These two videos about biking in Pittsburgh are actually worth watching
October 16, 2015
Michael Andersen, Green Lane Project staff writer
Penn Avenue, Pittsburgh.
Pittsburgh is one of our favorite cities in the country, and it's not just the sandwiches; it's the Pittsburghers. They tend to have that special sauce that gives a city the chance to be truly great: they really care about the place they live.
We came across two bike-related videos recently that made us excited about the Steel City all over again.
One of them shows how deeply Pittsburgh's thought leaders understand the way biking fits into a city. The other is the best would-be-viral bike safety video from a transit agency that we've ever seen — one that takes clever advantage of Pittsburghers' strong self-identity.
Here's the first video. It's by Pat Francart, a cinematographer who works with the city's fantastic advocacy group Bike Pittsburgh. It's set at a bike parking conference, of all things, and it's also an extremely savvy summary of what bikes and great bike infrastructure can do.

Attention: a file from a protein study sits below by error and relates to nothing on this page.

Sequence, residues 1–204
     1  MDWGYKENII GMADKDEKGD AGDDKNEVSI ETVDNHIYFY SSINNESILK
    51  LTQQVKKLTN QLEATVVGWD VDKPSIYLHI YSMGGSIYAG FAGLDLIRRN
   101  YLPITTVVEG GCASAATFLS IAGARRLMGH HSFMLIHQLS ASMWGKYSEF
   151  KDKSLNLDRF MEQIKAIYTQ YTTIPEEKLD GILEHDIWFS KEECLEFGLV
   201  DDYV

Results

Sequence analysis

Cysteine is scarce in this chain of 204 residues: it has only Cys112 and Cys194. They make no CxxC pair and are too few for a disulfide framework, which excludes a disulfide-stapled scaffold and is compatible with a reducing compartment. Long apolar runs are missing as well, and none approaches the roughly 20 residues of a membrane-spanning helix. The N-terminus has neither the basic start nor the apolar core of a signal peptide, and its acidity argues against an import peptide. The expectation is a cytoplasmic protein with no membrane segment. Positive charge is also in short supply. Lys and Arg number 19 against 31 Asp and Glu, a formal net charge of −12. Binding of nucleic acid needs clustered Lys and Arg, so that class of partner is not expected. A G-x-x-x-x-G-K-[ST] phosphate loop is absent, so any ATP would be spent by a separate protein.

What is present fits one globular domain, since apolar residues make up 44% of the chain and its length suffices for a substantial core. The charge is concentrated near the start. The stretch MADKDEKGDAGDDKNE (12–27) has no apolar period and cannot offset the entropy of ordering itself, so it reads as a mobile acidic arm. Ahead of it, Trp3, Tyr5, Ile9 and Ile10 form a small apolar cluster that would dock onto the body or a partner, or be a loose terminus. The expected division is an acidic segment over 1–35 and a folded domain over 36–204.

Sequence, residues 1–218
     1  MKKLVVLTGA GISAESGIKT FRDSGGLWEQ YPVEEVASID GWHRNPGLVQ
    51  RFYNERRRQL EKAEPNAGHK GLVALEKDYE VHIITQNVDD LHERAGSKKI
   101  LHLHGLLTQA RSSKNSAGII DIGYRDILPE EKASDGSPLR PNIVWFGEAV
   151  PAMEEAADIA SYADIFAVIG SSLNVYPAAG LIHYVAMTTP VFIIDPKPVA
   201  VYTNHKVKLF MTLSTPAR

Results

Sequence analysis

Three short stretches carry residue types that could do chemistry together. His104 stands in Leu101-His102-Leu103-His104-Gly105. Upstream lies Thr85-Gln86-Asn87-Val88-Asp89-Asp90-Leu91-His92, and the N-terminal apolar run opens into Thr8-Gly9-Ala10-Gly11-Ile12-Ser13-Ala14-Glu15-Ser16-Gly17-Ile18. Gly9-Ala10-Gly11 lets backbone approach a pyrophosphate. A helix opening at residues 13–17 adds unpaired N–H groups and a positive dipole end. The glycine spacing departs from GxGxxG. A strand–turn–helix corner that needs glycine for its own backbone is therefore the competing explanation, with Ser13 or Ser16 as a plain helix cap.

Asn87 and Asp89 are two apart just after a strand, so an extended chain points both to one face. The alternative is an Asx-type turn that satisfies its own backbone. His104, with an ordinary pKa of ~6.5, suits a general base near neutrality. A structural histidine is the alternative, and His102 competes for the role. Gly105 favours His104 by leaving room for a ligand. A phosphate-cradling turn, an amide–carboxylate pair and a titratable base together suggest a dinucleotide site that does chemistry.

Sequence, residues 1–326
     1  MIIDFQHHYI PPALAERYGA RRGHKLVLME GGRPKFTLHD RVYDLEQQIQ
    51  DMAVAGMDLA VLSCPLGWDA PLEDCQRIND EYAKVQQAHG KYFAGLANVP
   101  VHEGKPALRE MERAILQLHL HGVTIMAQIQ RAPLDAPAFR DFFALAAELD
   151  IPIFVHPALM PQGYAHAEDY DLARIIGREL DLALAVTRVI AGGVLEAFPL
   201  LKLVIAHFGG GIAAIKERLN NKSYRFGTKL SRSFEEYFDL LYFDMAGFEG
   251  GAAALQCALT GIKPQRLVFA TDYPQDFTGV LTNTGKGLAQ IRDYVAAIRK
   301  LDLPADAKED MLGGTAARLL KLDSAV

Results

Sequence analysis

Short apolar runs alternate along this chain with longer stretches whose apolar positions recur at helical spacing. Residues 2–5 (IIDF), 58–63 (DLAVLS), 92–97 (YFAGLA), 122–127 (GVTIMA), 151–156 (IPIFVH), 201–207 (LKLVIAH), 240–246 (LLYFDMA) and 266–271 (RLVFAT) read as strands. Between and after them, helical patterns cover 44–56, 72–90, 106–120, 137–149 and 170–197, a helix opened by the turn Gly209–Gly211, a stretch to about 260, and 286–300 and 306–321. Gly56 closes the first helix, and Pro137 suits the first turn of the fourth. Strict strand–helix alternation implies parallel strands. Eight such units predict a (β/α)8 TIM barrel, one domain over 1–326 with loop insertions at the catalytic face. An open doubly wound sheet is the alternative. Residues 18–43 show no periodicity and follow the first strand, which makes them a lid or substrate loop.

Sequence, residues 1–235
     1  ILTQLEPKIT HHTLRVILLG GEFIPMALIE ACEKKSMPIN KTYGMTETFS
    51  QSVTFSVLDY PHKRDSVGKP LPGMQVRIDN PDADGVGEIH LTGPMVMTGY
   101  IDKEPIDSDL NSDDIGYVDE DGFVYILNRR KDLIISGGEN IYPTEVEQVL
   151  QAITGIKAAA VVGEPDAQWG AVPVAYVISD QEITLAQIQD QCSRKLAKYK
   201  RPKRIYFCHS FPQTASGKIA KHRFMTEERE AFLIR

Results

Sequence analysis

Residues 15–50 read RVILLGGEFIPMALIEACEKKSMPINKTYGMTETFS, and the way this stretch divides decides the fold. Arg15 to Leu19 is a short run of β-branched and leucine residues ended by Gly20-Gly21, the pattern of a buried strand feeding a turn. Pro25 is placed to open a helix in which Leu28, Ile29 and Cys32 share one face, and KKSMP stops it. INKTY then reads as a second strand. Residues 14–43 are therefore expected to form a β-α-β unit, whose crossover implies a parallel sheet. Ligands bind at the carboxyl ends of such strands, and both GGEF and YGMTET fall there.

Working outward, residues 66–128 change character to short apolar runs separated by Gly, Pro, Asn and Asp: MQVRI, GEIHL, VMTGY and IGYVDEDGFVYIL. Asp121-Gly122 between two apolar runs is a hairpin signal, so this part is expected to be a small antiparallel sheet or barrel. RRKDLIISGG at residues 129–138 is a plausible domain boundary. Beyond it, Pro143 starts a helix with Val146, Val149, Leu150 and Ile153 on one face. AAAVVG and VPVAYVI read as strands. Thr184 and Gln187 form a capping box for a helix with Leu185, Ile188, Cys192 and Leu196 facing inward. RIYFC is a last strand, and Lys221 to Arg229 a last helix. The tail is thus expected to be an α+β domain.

"What's interesting about bike infrastructure and bike parking is that it's just as critical for cyclists as it is for cars," Eric Osth of Urban Design Associates explains in the video.
Here's the second video, produced by the Port Authority of Pittsburgh, which runs the regional transit agency.
Many such campaigns around the country stoop to fearmongering or scolding people for normal, legal and desirable behavior ("never ever wear a dark jacket in a crosswalk"). The Port Authority flips that upside down and takes advantage of Pittsburghers' pride for their city: It runs through a list of claims that because "Pittsburgh is awesome," Pittsburghers do sensible things like bike with lights, ride in the middle of the lane sometimes for the sake of safety, and eat fish sandwiches at Nied's Hotel.
Only one of the claims here rings false: the suggestion that it's important to put your entire foot down at every stop sign. If any of the Pittsburghers who produced this video actually bikes that way rather than simply stopping long enough to ensure that it's safe to cross, that next fish sandwich is on us.
In any case, nice work, Pittsburgh. As usual.
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